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    The application of b-mode ultrasonography for analysis of human skeletal muscle

    Cunningham, Ryan (2015) The application of b-mode ultrasonography for analysis of human skeletal muscle. Doctoral thesis (PhD), Manchester Metropolitan University.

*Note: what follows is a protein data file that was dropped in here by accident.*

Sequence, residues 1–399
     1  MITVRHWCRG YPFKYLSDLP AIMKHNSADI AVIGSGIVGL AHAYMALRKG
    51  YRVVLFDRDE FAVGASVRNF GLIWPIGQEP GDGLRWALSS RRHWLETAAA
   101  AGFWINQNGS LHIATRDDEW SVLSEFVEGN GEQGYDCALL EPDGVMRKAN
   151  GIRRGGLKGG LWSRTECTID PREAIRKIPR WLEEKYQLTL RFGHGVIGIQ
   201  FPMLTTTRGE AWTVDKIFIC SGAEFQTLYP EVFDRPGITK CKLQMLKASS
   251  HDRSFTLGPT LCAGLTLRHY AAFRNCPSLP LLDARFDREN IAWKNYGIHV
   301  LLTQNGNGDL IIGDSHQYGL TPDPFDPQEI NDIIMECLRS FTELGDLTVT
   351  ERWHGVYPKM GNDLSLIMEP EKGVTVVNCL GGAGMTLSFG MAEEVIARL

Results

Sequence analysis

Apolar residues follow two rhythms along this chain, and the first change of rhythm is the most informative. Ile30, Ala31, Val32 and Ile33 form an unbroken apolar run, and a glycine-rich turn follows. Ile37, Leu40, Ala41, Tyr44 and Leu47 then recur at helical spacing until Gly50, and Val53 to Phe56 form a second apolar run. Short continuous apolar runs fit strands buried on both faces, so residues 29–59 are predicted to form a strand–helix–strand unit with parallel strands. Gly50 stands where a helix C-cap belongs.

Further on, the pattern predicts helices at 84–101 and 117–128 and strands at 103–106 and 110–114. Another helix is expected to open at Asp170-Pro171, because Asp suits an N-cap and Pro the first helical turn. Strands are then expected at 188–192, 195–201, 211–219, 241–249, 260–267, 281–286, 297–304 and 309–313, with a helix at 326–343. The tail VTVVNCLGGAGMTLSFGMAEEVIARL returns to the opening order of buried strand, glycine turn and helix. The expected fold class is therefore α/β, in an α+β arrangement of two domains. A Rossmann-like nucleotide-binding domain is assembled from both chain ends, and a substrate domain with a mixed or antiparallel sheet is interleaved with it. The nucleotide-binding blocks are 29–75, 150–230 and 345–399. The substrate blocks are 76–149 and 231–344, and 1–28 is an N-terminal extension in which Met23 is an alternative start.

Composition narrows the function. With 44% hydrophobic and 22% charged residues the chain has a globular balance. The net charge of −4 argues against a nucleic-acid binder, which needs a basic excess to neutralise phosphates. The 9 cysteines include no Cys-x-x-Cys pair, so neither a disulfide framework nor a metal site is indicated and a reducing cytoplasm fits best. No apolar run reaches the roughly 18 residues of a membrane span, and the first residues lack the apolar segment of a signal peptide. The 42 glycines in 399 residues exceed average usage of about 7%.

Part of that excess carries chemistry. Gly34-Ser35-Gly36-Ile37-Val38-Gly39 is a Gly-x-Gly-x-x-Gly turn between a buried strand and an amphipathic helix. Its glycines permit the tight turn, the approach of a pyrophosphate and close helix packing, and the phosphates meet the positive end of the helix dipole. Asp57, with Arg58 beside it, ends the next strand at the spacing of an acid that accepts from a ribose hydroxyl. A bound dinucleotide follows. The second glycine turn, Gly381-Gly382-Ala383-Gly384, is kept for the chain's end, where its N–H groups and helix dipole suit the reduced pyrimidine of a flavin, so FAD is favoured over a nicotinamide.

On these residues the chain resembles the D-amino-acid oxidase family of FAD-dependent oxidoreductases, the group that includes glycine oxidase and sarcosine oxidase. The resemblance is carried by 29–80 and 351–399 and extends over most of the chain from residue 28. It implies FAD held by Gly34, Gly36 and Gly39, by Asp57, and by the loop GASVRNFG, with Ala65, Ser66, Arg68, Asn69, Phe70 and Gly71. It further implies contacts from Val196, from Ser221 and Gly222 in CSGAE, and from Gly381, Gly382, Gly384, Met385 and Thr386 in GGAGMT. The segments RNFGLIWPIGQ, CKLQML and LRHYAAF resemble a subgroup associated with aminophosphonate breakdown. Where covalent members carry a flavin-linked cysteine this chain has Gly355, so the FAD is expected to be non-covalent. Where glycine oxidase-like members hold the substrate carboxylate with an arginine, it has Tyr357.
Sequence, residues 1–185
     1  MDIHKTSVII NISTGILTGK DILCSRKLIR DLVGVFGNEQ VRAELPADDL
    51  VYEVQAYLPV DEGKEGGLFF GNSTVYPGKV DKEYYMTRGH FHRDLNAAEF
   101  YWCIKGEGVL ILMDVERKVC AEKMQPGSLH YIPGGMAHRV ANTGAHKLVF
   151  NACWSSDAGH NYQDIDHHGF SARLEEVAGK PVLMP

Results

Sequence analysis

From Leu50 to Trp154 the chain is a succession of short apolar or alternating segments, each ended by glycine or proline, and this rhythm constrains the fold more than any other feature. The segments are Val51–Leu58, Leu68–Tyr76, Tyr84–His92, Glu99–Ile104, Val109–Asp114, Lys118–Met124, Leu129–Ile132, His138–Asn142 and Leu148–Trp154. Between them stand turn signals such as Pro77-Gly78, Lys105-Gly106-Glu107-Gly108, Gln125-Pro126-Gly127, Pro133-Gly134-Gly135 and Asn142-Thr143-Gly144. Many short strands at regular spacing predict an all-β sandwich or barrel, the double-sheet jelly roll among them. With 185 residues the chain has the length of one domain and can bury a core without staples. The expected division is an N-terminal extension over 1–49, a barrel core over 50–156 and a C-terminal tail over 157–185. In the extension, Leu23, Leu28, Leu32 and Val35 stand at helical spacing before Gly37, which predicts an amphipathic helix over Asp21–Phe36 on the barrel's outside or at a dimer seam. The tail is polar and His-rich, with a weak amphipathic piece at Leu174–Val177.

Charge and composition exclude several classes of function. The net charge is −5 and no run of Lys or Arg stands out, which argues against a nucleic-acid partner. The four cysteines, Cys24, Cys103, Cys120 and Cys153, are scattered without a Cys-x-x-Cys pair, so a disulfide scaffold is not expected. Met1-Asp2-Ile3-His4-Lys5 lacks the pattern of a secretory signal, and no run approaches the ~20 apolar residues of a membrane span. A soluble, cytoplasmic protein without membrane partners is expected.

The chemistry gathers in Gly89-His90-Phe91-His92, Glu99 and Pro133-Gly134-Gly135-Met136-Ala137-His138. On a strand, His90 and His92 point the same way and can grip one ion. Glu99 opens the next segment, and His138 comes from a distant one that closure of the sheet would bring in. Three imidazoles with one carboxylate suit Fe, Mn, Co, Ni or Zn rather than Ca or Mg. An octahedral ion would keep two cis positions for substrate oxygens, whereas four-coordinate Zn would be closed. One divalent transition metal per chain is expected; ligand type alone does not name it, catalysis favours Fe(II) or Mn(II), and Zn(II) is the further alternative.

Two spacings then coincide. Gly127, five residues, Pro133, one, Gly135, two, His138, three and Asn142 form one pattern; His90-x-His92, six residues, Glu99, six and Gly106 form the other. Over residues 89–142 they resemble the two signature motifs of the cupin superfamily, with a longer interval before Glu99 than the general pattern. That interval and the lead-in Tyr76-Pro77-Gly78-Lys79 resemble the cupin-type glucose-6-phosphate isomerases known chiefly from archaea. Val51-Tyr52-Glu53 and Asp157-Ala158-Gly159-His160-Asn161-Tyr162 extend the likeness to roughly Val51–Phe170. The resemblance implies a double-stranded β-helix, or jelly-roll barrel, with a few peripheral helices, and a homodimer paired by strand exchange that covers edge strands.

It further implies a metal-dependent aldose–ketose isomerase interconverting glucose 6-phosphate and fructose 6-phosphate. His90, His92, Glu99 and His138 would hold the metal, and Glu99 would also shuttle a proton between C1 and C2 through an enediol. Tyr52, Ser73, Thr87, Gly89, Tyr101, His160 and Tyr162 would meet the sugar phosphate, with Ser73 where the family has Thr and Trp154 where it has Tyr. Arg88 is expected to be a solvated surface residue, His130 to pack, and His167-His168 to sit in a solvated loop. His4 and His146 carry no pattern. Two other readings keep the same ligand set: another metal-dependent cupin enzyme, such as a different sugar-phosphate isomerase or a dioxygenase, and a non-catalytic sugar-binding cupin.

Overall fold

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    Skeletal muscles control the joints of the skeletal system and they allow human movement and interaction with the environment. They are vital for stability in balance, walking and running, and many other skilled motor tasks. To understand how muscles operate in general and specific situations there are a variety of tools at the disposal of research scientists and clinicians for analysing muscle function. Strain gauges for example allow the quantification of forces exerted during joint rotation. However, skeletal muscles are multilayer systems and often different muscles are responsible for the overall force generated during joint rotation. Therefore, strain gauges do not reveal the extent of the contribution of individual muscles during muscle function. The most widely-used and accepted muscle analysis tool is electromyography (EMG), which can measure the activation level of individual muscles by measuring the electrical potential propagating through muscle resulting from local activations of motor units. However, EMG does not linearly relate to any real physical forces, meaning that without prior knowledge of the force exertion on the level of the muscle, force cannot be estimated. EMG can measure superficial layers of muscle non-invasively by attaching surface electrodes (surface EMG) to the skin over the belly of the muscle. To measure the activity of individual muscle beneath the superficial muscle, a needle or thin-wire electrode must be inserted through the skin and into the muscle volume (intramuscular EMG), which is invasive and not practical in many situations. Furthermore, intramuscular EMG can only provide measurement of a very small volume (<1mm3) which can have varying amounts of active motor units. Ultrasonography is a powerful cost-effective non-invasive imaging technology which allows real-time observation of cross-sections of multiple layers of dynamic skeletal muscle. Recent advances in automated skeletal muscle ultrasound analysis techniques, and advances in image processing techniques make ultrasound a valuable line of investigation for analysis of dynamic skeletal muscle. This aim of this thesis is to study and develop advanced image analysis techniques applicable to the analysis of dynamic skeletal muscle. The broader aim is to understand the capacity/limits of ultrasound as a skeletal muscle analysis tool. The ideas presented within offer new approaches to modelling complex muscle architecture and function via ultrasound. Tools have also been developed here that will contribute to, and promote ultrasound skeletal muscle analysis as a new and emerging technology which may be used by clinicians and research scientists to develop our understanding of skeletal muscle function. The main findings of this thesis are that automated segmentation of architecturally simple and complex skeletal muscle groups is possible and accurate, and that information about joint angles and muscle activity/force can be automatically extracted directly from ultrasound images without the explicit knowledge of how to extract it. The techniques used offer new possibilities for non-invasive information extraction from complex muscle groups such as the muscles in the human posterior neck.

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